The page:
Visiting a parent who is not in an at risk group at home for mother's day, having washed hands, is perfectly compatible with reducing social contact. It is about changing how we live, so eating at home rather than in a restaurant for example, not locking the doors and throwing away the key.

Even Boris himself said that he was hoping to see his mother at some point on Sunday.


Apirateslifeforme · 21/03/2020 00:45

Video chats are as close as I'm getting to anyone right now.


kittykat7210 · 21/03/2020 00:59

We are visiting my husbands parents for one last dinner on Sunday until the measures get reduced. None of us are sick, but we feel it’s important to say a proper farewell whilst we still can. After that it’s Skype/FaceTime until I go into labour and we have to drop our daughter round before heading to hospital!


RoseMartha · 21/03/2020 01:02

I will have to see my elderly parents as I am a carer for them. Will aim to leave the kids in their back garden if fine or in my car if raining while I am in the house.

One dc has asd and not able to be left in my home without an adult . I am divorced so will have to bring them along.

My sibling is a key worker, is dropping hints about me to have their dc when working. I am not sure about this, we are a close family and I often help out and see her problem but I feel this is a bit of a stupid thing to agree to. They have got an older child, older teen in fact who is refusing to help.

Plus i need to work from home three hours a day. And home school kids.


Greendin · 21/03/2020 01:13

In Scotland we have been told (by Nicola Sturgeon) "do not see your Grandchildren if you want to be alive to see them grow up". You are risking people's lives if you go ahead. Stop being selfish.


MindyStClaire · 21/03/2020 01:23

This is the official social distancing guidance everyone should be following, summarised in a handy table. Everyone, regardless of risk level, is advised against having visitors to the house.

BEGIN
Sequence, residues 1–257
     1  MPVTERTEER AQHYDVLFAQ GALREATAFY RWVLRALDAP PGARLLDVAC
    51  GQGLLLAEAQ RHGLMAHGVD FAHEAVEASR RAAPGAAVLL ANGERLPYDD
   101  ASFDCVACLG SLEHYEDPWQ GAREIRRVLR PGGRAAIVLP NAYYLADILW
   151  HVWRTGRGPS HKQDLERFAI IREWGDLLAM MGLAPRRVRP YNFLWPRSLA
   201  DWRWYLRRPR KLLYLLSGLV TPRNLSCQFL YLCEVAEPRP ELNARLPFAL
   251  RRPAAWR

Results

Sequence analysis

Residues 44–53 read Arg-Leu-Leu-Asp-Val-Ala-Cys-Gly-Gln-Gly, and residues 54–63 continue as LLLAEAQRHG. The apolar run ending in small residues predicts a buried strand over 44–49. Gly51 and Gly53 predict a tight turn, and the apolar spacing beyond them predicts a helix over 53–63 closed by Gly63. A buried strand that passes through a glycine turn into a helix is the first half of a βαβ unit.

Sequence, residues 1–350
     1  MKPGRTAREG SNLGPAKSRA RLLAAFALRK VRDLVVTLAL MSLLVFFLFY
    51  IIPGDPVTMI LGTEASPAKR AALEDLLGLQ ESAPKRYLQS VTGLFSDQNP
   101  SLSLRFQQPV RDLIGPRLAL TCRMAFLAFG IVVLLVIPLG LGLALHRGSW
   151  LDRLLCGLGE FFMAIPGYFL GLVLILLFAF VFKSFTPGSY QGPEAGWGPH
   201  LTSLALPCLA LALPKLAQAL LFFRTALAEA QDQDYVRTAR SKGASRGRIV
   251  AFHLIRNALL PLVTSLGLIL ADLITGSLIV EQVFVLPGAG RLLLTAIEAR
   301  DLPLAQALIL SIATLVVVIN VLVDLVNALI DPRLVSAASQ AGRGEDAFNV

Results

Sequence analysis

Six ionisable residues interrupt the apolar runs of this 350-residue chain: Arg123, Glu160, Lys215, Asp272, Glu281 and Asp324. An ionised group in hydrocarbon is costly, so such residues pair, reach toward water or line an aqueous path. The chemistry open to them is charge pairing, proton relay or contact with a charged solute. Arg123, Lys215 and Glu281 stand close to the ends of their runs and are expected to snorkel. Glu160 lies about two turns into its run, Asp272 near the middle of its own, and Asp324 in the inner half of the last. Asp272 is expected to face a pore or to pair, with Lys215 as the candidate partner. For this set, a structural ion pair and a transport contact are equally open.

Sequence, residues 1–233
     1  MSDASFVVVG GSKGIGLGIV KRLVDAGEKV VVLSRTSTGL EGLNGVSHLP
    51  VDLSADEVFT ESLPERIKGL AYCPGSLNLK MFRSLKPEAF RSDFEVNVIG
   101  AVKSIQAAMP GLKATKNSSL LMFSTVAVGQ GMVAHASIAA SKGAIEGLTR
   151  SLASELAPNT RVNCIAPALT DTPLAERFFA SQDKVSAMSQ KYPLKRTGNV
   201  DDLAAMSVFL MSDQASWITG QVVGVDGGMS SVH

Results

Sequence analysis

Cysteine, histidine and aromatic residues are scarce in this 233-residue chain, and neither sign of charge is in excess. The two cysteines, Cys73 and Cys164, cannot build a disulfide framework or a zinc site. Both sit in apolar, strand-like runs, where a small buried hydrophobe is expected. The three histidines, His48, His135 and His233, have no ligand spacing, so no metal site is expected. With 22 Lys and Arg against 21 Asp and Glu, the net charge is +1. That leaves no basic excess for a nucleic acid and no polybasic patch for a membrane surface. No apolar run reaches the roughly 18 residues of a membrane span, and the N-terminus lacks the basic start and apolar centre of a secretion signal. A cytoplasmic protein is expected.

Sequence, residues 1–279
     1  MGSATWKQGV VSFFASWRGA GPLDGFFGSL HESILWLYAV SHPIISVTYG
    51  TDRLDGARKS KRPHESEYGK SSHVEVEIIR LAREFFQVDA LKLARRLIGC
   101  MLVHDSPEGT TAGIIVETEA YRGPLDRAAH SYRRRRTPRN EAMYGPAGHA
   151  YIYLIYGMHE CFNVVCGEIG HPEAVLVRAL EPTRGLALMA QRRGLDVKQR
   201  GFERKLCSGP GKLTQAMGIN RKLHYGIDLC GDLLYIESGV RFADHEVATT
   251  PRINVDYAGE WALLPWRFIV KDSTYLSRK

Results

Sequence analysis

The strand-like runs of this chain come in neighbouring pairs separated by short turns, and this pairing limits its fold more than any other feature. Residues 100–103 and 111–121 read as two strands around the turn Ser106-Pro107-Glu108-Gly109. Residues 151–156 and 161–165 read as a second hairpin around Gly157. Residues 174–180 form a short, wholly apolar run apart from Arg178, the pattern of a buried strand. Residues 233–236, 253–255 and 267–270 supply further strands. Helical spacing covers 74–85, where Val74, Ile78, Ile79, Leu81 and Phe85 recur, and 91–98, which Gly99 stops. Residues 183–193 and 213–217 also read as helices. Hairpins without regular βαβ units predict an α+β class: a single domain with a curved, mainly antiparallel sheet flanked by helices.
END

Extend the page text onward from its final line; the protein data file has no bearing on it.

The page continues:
Would you still see close family members?

Pixxie7 · 21/03/2020 01:24

The key word is essential, what’s not to get.


heebie · 21/03/2020 01:31

No. I'm very close to my parents and they to my kids. My dc spend their summers abroad in their other house. Now we wrap the door and say hello at a distance, I would never want their illness on my head


Escapetab · 21/03/2020 01:33

Don't have any visitors OP. You don't want your kids to get this. I know kids' symptoms are supposed to be milder but I'm pretty sure my son has it and milder isn't nothing. He has a high fever, he's coughing, miserable, and it's terrifying for me waiting to see what happens to him and my DH -and me. People in their 30s and 40s die less but they can still end up in hospitals and on ventilators and feel fucking awful. Protect yourself, protect your kids.


Yellowshirt · 21/03/2020 02:01

Why do people on mumsnet jump down others throats?
Someone was asking for advice probably having listened to Boris and bbc news all week. I've had 5 live on everyday and there contradiction is panicking and confusing people.
@SingleDadReally I look forward to your post explaining unnecessary.


Wingedharpy · 21/03/2020 02:13

For those that feel it's ok to visit because they are well and not in at risk group, Google asymptomatic transmission.
More than 10% of patients are infected by someone who has the virus but no symptoms.
Many children are spreaders in this way.

We are being told to do take these steps to protect the NHS.

If every bed, in every hospital is occupied by a patient with this virus, which is not beyond the realms of possibility given the speed at which it spreads, there will be no capacity to care for any other patients with other conditions.

Stay home for everyone's sake.


TeaAndDarkToast · 21/03/2020 02:17

If you truly loved them you will not visit them.


WotchaTalkinBoutWillis · 21/03/2020 02:20

I'm all for not seeing parents (in 60s, great relationship, see weekly) indefinitely if it means keeping them safe.
They understand too.
MIL on the other hand,was here today, here yesterday, been out and around town several times, seriously won't stay put unless forced despite being well into 70s.
Should I start locking the door and shouting "We're not in!" through the letterbox?!